Wednesday, July 7, 2010

Step into the shoes of the Federal Reserve

Short-term interest rates are at their all time lows and inflation is not a problem.  Historically low short-term interest rates usually fuel the demand for credit, which usually leads to debt buildup and expansion.  The Fed and other central banks are walking on a very tight rope (although it may not seem like it).  Raise rates and attempt to prevent investors searching for the greatest yield from putting all their money in one place (in effect creating another destabilizing bubble somewhere).  Or put another way: raise rates and brace yourself for deflation, increased bankruptcies, greater liquidity problems, less demand for goods, and higher unemployment.  The popular (and I think correct) thing to advocate is to keep the federal funds rate at the zero bound and handle asset inflation with the Fed's new pistol: regulation.  A pistol as opposed to an M-16 because the first round of regulation legislation seemed less than adequate.  Many observers of the great recession have chosen to blame the Federal Reserve for keeping rates "too low for too long" in the past.  Where are they now? What would they have to say about this? It's easy to criticize the Fed in hindsight but can you blame them right now?  When we do have another bubble on this earth (and we will) and some famous economist claims that this is because the Fed kept rates "too low for too long" we must remember what kind of downside risks our economy is currently facing.  Before we blame the Fed in hindsight, we must remember what the newspapers, literature and economists were preaching at the time.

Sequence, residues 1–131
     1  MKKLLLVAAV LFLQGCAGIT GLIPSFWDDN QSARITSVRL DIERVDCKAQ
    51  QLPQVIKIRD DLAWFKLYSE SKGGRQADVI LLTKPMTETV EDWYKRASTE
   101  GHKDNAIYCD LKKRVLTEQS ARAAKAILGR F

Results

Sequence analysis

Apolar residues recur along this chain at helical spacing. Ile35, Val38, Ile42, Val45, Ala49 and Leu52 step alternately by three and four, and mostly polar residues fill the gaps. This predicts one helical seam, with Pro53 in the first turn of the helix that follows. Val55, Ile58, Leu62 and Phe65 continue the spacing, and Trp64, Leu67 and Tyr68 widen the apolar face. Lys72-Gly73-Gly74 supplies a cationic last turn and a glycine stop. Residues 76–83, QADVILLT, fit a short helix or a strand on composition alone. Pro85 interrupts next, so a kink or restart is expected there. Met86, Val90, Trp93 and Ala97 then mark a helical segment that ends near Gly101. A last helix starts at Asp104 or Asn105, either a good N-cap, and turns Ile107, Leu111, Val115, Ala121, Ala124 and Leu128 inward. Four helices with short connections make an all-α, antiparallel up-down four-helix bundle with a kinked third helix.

For a great source of ideas on this topic Raghu Rajan has got it going on.

1 comment:

  1. The federal reserve is at the center of the problem of income inequality. The devaluation of the dollar over the last fortyfive years or so has been the cause of the rising underclass.